Monday, October 29, 2012

2 Timothy 3:3

Summary retelling of 2 Timothy 3:3

Paul speaks a little more against human nature: lacking love for others, unwilling to be reconciled to others, slanderous, lacking self-control, untamed, not loving good.

Thoughts for Today
First Thought:
The first word I want to pick out of that list is “slanderous.”  The Greek word for slanderous is “diabolos.”  Yes, it is the root word for one of our names of Satan: Diablo.  It is also related to the word diabolical.  It literally means to spread slander.  However, it can just as easily be translated as spreading gossip.  Yes, that’s right.  When we gossip about people, we slander them.  From a religious perspective, this action is so offensive to community that we took the action and applied it directly to a name for Satan.  Satan is the chief slanderer (Diablo).  When we gossip and therefore spread slander, we are doing the very work of the hands of Satan.

Does this understanding of the word help you also understand why gossip/slander is such a problem among humanity?  Have you ever gossiped?  What was the outcome of the gossip?

Second Thought:
I’d like to go back now and pick up the two words that appear before the word “slanderer.”  Paul says that human nature lacks an inherent love for others as well as having a nature that resists being reconciled to others.  I see this all over the place in this world – and it ties in quite nicely with the concept of being a self-monger.  As proof, ask yourself this question: if you see a poor person on the street, how likely are you to reach into your wallet and buy the person a meal without asking anything in return?  Or ask yourself another question while thinking back to high school and middle school: when you saw a kid being bullied and made fun of by a whole crowd, how likely were you to stand up against the crowd and protect the one being made fun of?  Human nature wants to protect itself far more than it wants to reach out in love towards another.  This leads into the next word, which has to do with reconciliation.  In your experience, is it easier to stay angry at someone who has offended you or is it easier to genuinely forgive them and not hold any sort of grudge at all?  You see?  Human nature really is a self-monger.  We want to preserve ourselves.  We want to hold onto our anger against others.  So often with us, it all comes down to what “I” want.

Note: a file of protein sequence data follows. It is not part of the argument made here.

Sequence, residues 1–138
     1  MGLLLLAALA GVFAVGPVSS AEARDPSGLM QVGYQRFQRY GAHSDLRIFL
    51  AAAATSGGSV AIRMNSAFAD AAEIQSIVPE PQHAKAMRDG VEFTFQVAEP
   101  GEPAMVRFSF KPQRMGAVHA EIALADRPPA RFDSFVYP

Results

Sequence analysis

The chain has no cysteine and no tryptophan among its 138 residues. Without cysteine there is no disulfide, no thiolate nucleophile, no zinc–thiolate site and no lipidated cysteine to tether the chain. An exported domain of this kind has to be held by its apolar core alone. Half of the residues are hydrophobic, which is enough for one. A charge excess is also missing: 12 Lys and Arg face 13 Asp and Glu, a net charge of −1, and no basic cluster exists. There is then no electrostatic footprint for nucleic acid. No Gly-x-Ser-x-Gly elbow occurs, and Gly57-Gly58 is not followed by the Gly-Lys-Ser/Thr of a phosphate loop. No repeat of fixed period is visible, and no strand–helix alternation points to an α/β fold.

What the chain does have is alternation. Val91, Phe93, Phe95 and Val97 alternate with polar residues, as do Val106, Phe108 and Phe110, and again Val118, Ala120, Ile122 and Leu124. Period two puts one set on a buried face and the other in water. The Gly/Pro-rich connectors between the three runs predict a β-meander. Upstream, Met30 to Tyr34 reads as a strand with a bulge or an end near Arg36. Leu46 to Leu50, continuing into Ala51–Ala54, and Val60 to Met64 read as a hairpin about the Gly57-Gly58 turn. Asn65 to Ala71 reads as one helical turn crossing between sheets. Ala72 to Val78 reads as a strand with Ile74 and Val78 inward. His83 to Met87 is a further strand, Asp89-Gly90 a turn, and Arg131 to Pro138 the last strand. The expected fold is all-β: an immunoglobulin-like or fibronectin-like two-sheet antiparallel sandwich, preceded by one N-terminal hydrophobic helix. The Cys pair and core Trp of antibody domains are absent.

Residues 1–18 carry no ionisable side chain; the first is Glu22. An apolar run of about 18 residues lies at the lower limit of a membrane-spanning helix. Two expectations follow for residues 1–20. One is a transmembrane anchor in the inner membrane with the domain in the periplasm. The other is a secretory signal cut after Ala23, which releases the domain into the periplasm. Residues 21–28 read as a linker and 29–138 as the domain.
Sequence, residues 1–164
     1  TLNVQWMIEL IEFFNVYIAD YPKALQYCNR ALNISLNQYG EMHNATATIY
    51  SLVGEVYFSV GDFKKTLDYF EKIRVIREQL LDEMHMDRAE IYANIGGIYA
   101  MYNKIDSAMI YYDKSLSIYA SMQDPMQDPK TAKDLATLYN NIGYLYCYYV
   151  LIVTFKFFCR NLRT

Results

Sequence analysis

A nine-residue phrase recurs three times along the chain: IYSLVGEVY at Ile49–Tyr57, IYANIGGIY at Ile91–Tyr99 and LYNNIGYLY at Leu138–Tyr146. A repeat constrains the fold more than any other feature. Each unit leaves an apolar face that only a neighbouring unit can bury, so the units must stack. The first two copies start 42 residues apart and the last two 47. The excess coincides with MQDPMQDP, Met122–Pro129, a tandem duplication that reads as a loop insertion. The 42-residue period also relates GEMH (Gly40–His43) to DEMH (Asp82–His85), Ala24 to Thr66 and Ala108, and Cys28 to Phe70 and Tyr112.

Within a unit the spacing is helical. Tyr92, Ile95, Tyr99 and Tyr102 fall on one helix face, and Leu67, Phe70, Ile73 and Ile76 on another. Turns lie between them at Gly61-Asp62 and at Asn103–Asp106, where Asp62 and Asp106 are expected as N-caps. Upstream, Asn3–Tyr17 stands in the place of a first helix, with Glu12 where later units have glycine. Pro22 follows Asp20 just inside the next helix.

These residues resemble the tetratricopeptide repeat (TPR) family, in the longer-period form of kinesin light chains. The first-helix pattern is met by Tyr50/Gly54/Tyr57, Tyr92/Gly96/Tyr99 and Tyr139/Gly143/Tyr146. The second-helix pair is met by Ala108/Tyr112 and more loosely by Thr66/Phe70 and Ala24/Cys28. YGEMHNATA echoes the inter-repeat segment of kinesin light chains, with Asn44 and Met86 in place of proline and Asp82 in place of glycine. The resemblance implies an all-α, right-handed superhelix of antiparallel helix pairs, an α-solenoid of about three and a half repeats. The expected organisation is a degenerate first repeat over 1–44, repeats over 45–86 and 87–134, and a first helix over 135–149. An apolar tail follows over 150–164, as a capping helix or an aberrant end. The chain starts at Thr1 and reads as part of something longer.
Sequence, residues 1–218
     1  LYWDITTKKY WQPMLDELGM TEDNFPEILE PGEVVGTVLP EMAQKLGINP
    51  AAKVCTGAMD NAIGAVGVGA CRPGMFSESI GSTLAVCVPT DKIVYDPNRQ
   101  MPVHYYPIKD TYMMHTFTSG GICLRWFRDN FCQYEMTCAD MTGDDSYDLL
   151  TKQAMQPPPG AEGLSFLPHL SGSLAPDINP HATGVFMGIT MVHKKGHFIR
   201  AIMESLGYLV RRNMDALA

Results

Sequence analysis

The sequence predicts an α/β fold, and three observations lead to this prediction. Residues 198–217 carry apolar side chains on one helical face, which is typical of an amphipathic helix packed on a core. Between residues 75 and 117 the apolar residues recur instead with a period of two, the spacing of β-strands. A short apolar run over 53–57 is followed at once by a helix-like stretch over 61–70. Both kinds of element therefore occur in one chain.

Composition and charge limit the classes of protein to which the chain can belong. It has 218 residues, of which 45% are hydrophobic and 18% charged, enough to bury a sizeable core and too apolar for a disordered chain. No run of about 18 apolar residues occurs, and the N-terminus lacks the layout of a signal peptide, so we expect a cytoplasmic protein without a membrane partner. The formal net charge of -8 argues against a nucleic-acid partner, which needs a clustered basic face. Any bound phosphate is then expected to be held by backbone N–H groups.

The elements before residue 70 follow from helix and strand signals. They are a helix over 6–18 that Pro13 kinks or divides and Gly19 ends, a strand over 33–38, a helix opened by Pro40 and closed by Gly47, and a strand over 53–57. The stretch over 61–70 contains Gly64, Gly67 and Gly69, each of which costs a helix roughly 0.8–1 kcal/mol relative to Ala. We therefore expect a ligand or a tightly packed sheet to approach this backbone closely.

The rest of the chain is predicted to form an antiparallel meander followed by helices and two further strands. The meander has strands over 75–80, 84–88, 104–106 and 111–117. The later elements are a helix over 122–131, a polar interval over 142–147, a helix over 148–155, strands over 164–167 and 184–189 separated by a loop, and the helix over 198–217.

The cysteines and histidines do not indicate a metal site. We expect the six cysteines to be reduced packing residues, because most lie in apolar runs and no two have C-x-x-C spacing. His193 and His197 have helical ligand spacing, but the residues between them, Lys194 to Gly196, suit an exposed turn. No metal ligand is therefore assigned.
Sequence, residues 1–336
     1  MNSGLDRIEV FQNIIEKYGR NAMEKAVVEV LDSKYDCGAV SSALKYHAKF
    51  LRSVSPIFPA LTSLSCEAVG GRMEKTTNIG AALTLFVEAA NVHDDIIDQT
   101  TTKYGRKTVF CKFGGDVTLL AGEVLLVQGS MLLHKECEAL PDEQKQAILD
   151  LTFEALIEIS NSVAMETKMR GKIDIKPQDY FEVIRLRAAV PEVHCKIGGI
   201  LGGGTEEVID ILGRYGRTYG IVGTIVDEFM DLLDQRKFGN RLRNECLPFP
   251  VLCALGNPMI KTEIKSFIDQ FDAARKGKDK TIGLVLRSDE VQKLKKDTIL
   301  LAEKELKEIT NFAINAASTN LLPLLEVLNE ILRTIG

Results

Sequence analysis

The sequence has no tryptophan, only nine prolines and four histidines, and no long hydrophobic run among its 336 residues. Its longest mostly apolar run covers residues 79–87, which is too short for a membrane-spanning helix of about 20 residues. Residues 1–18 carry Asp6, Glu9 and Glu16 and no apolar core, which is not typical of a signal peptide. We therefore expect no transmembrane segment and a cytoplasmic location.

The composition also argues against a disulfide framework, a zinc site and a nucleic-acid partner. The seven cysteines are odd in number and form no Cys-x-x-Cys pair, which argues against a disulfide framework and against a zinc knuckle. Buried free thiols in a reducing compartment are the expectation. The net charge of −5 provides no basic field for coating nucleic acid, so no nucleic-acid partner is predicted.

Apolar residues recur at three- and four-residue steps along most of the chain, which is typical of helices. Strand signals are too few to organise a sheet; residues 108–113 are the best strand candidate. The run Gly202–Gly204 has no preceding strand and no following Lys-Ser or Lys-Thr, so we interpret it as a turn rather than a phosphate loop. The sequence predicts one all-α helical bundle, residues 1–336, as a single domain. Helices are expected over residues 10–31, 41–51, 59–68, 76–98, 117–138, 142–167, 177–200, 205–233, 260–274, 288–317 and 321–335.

Are these words true about you?  When are you most likely to display a genuine lack of love for the other person?  When are you most likely to hold a grudge and refuse to be reconciled?  How does each of these qualities help destroy community?

Third Thought:
Paul also talks about human beings as lacking self-control and being untamed.  Human beings are passionate people – and in this respect I think we are regressing.  Look at a typical television commercial.  How many commercials do you see that are based on your inner passion or your inner desires?  How many commercials are based on using logic or reasoning?  The same is true about social media.  How many times do you see a Facebook post or a tweet that shows a person posted out of impulse without being able to control their reaction and think?  Or think about dating.  How many couples have you heard about that ended up doing things they didn’t plan on doing simply because they didn’t have what it takes to actually display self-control?  I think Paul is right.  When it comes to our hearts and our inner passion, we are largely untamed.  We need help to tame us.  It takes much work.

Do you see people around you who are interested in taming their inner passions?  Do you see people who are more interested in following their inner passion?  What’s the danger of living a life that is “untamed?”  How do we become tamed?

Passage for Tomorrow: 2 Timothy 3:4
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